MyOpenMath Course Materials MyOpenMath provides everything an instructor may need to teaching mathematics, and can act as a central location for assignments, discussion, etc. MyOpenMath is partnered with the OpenTextBookStore and uses those online textbooks.
  Online Statistics: An Interactive Multimedia Course of Study Course Materials Online Statistics: An Interactive Multimedia Course of Study provides resources for teaching introductory statistics at the college level.
  OpenTextBookStore Textbooks The OpenTextBookStore has created a catalog of online open math textbooks. They provide a description of the book, table of contents, supplemental materials, licensing information, a review and link to the content.
  SageMath Mixed SageMath is a free open-source mathematics software system available online or for download.
Psychology Noba Textbooks Noba has textbook modules that you can compile into your own course textbook. Print books are available.
Sociology​ The Society Pages Mixed The Society Pages (TSP) is an open-access social science project which provides articles, blogs, and podcasts.
  The Sociological Cinema Videos The Sociological Cinema provides videos for sociology instructors to include in their courses.
​STEM OU Engineering Media Lab Course Materials The eCourses portal contains course material, including textbooks and interactive illustrations. Material is only available through course sites, which instructors can access after creating an account.
  PhET Interactive Simulations The PhET Interactive Simulations project at the University of Colorado Boulder creates and provides free interactive math and science simulations. Simulations are available in a range of subjects at varying levels up to university.


Writing Commons Course Materials Writing Commons provides open-education materials for the instruction of writing and information literacy.
What do Open Educational Resources (OER) Look Like?

OER come in all shapes, and sizes - or rather all topics and formats. Reviewing other OER is a great way to start understanding what your OER could or should look like. Getting a general idea of what is out there will help you feel more confident about creating, developing, remixing or adopting OER for your courses. Remember, you don't need to start from scratch, and you can adopt someone else's OER.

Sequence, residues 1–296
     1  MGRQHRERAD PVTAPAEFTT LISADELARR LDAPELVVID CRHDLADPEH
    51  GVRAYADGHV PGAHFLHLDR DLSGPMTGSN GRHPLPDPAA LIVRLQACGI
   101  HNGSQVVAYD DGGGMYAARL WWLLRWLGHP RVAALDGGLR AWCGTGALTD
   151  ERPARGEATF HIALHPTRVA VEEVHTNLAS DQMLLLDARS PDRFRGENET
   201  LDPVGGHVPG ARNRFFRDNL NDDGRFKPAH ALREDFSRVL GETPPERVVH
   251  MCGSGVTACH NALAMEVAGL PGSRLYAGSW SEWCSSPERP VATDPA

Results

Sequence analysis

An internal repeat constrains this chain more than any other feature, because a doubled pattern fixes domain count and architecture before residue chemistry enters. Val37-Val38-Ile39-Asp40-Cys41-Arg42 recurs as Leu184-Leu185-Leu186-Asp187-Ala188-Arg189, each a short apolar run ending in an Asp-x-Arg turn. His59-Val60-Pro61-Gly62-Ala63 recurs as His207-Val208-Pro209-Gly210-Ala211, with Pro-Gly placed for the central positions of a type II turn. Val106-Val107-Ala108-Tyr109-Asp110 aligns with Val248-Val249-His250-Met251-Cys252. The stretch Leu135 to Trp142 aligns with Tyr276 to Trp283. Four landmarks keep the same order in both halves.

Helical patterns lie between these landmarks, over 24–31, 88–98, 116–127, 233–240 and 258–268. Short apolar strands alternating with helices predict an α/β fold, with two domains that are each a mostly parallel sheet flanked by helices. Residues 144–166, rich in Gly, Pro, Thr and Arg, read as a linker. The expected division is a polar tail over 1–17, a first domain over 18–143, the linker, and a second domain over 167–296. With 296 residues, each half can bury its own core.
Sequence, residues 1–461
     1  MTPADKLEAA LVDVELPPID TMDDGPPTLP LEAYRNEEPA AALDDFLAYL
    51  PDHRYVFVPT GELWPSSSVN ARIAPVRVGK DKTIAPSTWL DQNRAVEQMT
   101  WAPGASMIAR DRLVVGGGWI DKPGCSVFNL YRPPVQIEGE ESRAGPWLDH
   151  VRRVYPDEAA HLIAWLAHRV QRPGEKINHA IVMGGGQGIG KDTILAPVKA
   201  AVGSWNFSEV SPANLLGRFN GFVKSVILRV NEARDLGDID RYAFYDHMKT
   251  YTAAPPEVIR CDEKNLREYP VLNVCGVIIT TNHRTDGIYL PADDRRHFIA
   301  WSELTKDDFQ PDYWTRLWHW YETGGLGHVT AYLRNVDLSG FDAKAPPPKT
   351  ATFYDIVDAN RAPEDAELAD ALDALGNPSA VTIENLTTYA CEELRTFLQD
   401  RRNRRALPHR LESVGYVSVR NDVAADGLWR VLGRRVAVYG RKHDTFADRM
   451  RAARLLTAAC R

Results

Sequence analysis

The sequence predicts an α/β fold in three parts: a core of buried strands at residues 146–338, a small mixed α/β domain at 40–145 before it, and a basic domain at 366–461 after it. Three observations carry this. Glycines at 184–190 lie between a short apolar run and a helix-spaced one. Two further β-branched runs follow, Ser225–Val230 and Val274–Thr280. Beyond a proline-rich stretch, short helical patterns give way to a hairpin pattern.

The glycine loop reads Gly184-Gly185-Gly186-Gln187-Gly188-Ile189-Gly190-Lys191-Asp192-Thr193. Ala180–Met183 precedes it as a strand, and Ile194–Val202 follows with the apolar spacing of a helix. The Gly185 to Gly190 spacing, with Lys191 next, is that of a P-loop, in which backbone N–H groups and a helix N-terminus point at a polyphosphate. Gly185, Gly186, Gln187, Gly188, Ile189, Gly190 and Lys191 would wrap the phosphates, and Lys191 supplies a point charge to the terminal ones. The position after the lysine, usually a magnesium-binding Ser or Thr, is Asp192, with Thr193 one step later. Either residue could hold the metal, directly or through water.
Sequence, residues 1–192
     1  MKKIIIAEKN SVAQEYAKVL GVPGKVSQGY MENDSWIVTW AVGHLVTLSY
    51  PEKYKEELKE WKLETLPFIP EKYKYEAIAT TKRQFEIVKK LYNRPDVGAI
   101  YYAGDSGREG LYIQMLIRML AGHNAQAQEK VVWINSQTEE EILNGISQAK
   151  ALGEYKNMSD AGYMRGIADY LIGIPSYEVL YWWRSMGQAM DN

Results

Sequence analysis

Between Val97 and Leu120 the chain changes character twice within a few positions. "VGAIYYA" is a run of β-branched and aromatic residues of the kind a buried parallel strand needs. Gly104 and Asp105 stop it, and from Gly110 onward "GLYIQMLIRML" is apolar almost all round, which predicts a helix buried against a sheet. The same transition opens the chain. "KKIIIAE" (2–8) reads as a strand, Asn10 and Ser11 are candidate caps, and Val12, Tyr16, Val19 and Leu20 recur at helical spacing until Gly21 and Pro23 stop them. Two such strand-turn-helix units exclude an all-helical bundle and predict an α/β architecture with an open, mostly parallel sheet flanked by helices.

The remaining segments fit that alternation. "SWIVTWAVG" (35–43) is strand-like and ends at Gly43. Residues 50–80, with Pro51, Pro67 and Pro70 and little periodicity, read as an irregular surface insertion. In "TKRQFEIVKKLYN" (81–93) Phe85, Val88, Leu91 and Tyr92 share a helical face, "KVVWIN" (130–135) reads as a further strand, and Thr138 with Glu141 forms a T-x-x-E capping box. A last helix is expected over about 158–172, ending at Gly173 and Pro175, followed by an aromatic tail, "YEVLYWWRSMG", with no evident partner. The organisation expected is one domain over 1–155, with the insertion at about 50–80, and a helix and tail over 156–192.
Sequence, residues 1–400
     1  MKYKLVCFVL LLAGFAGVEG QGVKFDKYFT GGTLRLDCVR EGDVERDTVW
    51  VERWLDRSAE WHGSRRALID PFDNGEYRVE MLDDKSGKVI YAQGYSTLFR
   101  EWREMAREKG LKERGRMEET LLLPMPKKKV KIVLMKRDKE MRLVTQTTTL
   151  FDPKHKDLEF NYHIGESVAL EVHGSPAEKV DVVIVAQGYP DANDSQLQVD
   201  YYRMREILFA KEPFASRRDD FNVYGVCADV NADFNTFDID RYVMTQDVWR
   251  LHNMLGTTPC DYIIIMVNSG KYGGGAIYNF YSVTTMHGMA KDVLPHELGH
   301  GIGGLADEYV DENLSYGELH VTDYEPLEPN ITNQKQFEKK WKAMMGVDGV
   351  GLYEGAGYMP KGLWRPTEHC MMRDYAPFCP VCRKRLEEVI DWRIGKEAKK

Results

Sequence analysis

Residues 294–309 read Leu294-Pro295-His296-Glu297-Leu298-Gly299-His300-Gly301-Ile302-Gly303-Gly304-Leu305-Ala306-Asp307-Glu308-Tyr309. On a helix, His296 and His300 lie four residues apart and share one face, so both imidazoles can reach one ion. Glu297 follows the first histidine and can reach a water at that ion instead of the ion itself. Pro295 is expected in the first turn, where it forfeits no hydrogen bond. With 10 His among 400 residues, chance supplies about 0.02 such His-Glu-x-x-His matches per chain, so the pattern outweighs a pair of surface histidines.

Examples from around Oregon:

Examples from around the world:
Reviewing OER and Course Materials

When choosing materials for your course, quality and relevance are essential. The rubrics below may help you evaluate the OER that you find to choose the highest quality and most relevant materials for your students. 


While there are several types of open licenses, Creative Commons (CC) licenses are widely used to give permission to reuse educational materials. Creative Commons licenses are typically used when creators want to give others the right to share, use, build upon or adapt their work. A CC license protects the creator's copyright while providing greater flexibility to those who wish to use the work.

There are six types of Creative Commons licenses which provide different levels of protection and reuse. All the licenses (public domain and the public domain dedication are not licenses) include the Attribution (BY) element, which means you must give a specific type of credit (learn more under Attribution). If you're simply copying content and using it in your courses at LBCC, you generally don't need to worry about the Sharealike (SA), Noncommercial (NC), and No Derivatives (ND) elements. If you're remixing content with different licenses and sharing publicly, it's a good idea to talk to a librarian about license compatibility.